The OM-D E-M5 is Olympus’s most highly specified four thirds camera to date, and its most attractive, but is its performance good enough to provide a lasting legacy?

Product Overview

Overall rating:

Olympus OM-D E-M5

AWB Colour:
LCD viewfinder:
Dynamic Range:


Olympus OM-D E-M5 review


Price as reviewed:


The competition

Images: The Fujifilm X-Pro1 and the Panasonic Lumix

The main competitor to an Olympus four thirds camera is a Panasonic four thirds camera – in this case, the Lumix DMC-G3, as it is closest in specification and style. Both have a 16-million-pixel output, built-in EVF and touchscreen functionality. The build quality and style of the OM-D E-M5 puts it a cut above the G3, although it is more expensive.

For those drawn to the retro styling of the E-M5, another similarly priced option is the Fujifilm X-Pro1, or even the Sony NEX-7. The X-Pro1 has a larger APS-C-sized imaging sensor, and as last week’s test of the X-Pro1 indicated in its resolved detail, it outperforms the E-M5 by some margin.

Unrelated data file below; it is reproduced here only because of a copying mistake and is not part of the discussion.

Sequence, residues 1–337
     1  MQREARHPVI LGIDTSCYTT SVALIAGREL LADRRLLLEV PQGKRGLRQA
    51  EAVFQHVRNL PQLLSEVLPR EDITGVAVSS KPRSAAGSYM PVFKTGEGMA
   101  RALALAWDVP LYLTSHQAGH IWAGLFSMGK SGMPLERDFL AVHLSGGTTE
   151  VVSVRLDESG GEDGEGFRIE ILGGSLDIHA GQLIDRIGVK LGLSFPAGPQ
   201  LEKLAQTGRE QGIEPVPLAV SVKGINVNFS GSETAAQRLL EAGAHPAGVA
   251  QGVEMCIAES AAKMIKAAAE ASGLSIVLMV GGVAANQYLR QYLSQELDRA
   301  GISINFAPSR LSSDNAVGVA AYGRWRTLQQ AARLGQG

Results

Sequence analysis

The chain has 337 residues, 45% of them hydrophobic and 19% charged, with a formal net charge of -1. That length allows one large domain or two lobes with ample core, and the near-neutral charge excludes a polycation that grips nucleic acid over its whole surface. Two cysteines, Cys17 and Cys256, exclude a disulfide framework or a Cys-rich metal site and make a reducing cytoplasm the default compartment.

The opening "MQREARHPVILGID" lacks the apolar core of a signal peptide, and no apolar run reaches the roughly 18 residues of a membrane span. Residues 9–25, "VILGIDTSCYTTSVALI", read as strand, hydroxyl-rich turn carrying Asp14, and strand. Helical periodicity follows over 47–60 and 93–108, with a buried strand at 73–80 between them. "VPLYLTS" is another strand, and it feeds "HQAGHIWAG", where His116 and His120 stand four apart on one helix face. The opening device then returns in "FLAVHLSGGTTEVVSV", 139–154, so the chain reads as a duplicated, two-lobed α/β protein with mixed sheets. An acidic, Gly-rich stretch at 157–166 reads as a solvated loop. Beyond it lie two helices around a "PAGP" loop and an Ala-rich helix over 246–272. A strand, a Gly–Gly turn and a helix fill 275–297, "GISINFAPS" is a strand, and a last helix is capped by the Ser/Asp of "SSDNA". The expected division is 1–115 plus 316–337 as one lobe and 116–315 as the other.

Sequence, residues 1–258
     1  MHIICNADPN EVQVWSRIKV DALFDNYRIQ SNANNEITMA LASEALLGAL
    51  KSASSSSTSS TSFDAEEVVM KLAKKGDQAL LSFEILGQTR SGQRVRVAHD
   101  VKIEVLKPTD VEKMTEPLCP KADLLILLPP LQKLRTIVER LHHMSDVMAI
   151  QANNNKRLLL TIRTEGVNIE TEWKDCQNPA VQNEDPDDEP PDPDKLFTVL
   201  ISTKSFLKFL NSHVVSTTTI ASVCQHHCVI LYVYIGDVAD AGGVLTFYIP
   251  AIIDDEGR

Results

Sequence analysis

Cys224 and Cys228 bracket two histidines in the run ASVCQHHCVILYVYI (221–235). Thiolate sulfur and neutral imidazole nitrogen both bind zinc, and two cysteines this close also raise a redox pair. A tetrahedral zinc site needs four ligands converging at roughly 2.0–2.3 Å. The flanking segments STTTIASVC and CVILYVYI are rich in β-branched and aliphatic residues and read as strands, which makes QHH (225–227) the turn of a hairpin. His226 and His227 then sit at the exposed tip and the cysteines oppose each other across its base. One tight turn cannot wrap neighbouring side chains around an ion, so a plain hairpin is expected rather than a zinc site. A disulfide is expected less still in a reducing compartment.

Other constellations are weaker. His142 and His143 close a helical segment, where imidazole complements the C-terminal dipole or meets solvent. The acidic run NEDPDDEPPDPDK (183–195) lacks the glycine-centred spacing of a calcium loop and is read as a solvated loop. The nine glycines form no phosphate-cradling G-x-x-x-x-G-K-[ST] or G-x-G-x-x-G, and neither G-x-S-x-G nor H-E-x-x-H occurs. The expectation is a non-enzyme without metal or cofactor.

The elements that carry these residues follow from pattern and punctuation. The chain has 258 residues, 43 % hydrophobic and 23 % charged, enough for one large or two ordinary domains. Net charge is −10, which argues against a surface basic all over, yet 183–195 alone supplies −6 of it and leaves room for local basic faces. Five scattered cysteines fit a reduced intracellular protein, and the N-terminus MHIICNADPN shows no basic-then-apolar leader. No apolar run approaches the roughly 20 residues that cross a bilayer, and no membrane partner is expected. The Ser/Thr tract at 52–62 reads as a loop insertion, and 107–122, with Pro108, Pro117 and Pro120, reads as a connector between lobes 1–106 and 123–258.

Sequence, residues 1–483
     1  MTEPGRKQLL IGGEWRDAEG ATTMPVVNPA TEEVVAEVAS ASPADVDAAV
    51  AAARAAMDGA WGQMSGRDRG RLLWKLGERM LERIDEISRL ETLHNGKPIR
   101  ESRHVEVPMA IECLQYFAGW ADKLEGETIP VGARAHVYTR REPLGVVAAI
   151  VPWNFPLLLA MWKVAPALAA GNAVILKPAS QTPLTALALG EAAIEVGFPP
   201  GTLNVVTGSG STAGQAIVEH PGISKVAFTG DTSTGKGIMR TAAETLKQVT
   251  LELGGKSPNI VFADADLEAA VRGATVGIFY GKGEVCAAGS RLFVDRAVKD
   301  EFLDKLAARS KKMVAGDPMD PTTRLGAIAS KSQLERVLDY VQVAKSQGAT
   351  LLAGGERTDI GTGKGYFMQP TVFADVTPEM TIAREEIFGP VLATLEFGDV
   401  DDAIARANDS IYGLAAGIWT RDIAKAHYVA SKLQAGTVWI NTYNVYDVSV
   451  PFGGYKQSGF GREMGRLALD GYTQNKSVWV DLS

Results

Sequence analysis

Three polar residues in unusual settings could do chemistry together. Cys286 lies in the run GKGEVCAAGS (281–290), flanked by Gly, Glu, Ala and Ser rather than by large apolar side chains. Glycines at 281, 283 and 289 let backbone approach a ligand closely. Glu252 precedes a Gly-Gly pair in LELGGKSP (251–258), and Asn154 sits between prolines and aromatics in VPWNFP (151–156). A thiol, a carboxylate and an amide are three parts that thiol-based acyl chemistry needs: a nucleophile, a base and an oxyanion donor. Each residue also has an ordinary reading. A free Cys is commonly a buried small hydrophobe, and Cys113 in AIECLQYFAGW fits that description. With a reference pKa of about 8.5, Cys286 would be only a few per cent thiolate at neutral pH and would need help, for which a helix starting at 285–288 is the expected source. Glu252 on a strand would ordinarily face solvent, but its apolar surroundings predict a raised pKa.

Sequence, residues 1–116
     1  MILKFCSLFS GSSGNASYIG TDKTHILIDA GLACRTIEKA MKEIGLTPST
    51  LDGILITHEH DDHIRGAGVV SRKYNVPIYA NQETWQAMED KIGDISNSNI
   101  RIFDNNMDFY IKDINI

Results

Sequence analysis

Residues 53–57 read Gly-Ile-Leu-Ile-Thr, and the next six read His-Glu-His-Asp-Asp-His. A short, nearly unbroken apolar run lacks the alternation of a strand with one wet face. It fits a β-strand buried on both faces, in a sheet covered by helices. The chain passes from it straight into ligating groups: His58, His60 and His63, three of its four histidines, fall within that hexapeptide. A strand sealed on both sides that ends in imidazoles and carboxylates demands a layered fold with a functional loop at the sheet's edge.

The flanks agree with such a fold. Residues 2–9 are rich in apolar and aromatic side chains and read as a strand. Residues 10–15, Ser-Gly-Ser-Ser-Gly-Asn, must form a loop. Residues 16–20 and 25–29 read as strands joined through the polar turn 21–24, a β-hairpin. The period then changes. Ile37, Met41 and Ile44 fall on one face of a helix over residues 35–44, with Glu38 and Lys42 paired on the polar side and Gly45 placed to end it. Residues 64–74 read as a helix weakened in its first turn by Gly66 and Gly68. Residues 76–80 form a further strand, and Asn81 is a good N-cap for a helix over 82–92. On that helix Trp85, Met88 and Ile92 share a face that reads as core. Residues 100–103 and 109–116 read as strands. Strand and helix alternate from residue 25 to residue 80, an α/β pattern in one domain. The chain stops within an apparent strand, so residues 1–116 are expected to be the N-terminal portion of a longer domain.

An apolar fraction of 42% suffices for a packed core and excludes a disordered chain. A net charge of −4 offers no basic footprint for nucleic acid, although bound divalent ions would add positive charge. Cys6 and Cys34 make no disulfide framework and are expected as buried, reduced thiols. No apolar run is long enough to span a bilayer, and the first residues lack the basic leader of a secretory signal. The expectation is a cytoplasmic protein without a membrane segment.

However, the X-Pro1 is part of a new system and there are not nearly as many lenses available to choose from – not without the use of future adapters anyway.

  1. 1. Introduction
  2. 2. Features
  3. 3. HLD-6 grip and battery pack
  4. 4. Build and handling
  5. 5. White balance and colour
  6. 6. Metering
  7. 7. Autofocus
  8. 8. Dynamic range
  9. 9. Noise, sensitivity and resolution
  10. 10. LCD, viewfinder and video
  11. 11. The competition
  12. 12. Verdict
Page 11 of 12 - Show Full List